I walk a lot in Bangkok. Not as much as I did in Phoenix, where I walked at least 9.5 kilometers a day, when I was walking for exercise, but a lot. I think I probably walk five to eight kilometers a day here.

I'm a bit of a fanatic about it. When I'm going somewhere, I walk to the nearest Skytrain or subway station and I walk home from the train afterwards. When I get to the station nearest my destination, if my final destination is walkable, I walk to it. All of those strolls add up. When I go out to eat, I walk to where ever I'm going. Sometimes it's just a block or two, sometimes it's three or four kilometers. (Like last night when I was hungry for Indian food and had to walk about four kilometers to get to the Indian restaurant I like.)

The only problem is Bangkok is not an especially easy city to walk in. The sidewalks, when there are sidewalks, are frequently blocked by vendors' carts or ripped up for construction. Some streets are too narrow to have sidewalks so you walk in the right of way while cars and motorcycles zip around you. On the main streets, where traffic is dreadful (Gridlock, thy name is Bangkok), motorcycles use the sidewalks endangering both pedestrians and motorcyclists. And then there's the weather. It's always hot and humid. Always. Miami and New Orleans get winter breaks, in Bangkok it's a big deal when the daily high drops from 35C (95F) to 32C (90F). Bangkok in January is like New Orleans in August. Ugh.

Some of my Thai friends (and most of the foreigners I know) think I'm nuts. Taxis are plentiful and cheap here. It costs $10US to get across town. They're air conditioned and clean. Which is great. But I believe the only way you really see a city is to walk it.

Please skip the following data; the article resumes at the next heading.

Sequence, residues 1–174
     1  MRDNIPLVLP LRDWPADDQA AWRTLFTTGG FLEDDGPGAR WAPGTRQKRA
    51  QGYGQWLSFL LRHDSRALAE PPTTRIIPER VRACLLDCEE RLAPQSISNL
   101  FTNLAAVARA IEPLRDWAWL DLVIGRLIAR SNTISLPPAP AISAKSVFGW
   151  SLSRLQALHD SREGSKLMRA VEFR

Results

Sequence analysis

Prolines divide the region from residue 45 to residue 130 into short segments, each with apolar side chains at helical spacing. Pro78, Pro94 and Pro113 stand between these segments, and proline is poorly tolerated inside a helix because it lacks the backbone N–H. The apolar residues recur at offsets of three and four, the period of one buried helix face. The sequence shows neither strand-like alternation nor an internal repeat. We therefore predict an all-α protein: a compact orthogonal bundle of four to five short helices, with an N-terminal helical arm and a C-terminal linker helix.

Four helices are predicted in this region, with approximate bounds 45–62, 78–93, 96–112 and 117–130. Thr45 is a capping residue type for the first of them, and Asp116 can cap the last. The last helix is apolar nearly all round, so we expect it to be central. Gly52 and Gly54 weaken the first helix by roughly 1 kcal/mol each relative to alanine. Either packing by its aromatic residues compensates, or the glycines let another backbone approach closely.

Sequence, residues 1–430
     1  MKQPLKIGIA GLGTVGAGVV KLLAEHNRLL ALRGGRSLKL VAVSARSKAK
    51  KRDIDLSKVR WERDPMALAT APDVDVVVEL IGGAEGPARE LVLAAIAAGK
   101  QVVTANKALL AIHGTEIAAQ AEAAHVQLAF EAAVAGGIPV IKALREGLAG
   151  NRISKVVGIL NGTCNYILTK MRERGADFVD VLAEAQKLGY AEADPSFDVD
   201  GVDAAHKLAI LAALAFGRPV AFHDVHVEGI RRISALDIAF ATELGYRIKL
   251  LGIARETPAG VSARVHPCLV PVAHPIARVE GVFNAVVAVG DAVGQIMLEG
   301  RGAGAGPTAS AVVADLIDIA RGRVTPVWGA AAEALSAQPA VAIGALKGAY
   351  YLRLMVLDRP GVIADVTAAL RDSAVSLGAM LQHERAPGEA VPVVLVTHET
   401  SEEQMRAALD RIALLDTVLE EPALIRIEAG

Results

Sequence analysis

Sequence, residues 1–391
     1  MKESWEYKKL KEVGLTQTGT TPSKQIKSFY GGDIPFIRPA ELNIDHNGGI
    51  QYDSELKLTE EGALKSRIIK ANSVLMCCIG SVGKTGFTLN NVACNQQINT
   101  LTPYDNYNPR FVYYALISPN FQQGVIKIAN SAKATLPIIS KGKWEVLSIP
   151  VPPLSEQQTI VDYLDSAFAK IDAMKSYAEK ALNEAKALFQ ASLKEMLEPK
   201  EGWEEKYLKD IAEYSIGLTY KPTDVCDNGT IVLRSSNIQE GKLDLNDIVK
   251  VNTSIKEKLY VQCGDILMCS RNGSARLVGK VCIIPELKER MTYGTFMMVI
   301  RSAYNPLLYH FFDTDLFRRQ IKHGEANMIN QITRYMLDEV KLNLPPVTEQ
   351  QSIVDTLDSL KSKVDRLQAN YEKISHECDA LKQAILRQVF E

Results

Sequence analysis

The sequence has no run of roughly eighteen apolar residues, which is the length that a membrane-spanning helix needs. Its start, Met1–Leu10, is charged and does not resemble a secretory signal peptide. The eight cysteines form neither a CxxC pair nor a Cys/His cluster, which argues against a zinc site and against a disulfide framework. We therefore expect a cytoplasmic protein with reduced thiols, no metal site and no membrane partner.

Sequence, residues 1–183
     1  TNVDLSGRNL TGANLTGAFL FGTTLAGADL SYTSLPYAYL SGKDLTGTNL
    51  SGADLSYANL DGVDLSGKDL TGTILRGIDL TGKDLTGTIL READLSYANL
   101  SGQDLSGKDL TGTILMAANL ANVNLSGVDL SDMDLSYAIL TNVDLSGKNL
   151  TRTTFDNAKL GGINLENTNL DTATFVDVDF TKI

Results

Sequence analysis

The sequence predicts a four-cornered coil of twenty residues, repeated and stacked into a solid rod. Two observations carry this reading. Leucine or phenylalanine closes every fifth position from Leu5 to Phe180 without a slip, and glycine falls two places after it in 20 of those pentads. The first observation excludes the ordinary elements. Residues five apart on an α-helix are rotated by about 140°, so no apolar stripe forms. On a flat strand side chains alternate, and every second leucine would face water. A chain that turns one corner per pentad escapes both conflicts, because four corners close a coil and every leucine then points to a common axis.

My interest in iPhone photography was spurred by my walks in Phoenix. It was the only camera I carried with me and I used it to photograph some of the signs of the Great Recession that still rocks Phoenix. In Bangkok I usually carry a full kit (I am here to make pictures after all) but even when I go shopping or out for dinner I carry my little Panasonic GX1 and a couple of lenses.

Alex Webb, perhaps one of the finest street photographers practicing the craft today, has a terrific quote about walking, "I only know how to approach a place by walking. For what does a street photographer do but walk and watch..."

Which brings me back to the Boy Scouts at the top of the page. I was walking to the subway to get across town for a news event. I saw the Boy Scouts coming toward me on the opposite side of the street. I ran out into the street and made three or four frames as they marched by. If I had been in a taxi or on a motorscooter I wouldn't have made this photo. And that would have been a shame because it's probably my favorite from the day.

Most of the photos in my archive, including a lot I've made taking walks through Bangkok, are available for editorial use or self fulfillment as prints. If you see something you'd like to use or just hang on the wall, click on the "Add to Cart" button and follow the onscreen prompts. 

Friday, January 18, 2013

A Moveable Market

A train comes rolling into the market in Samut Songkhram

Thailand is famous for its markets. There are wet markets (meat and fresh produce), dry markets (clothes and non perishables), livestock markets (water buffalo and cattle), floating markets (markets on canals) and then there's the market in Samut Songkhram. Where the train drives through and over the market every time it leaves or comes into town. Eight times a day the train leaves or comes into town, rolling through and over the market. 

Samut Songkhram is a nice little town on the Gulf of Siam about 90 minutes from Bangkok. There's a fishing port in town and farms of all sorts dot the landscape around the town. A lot of tourists come into town for day trips to see the canals and floating markets in the area. But the town is most famous for two things: the salt fields north of town and the crazy market in town.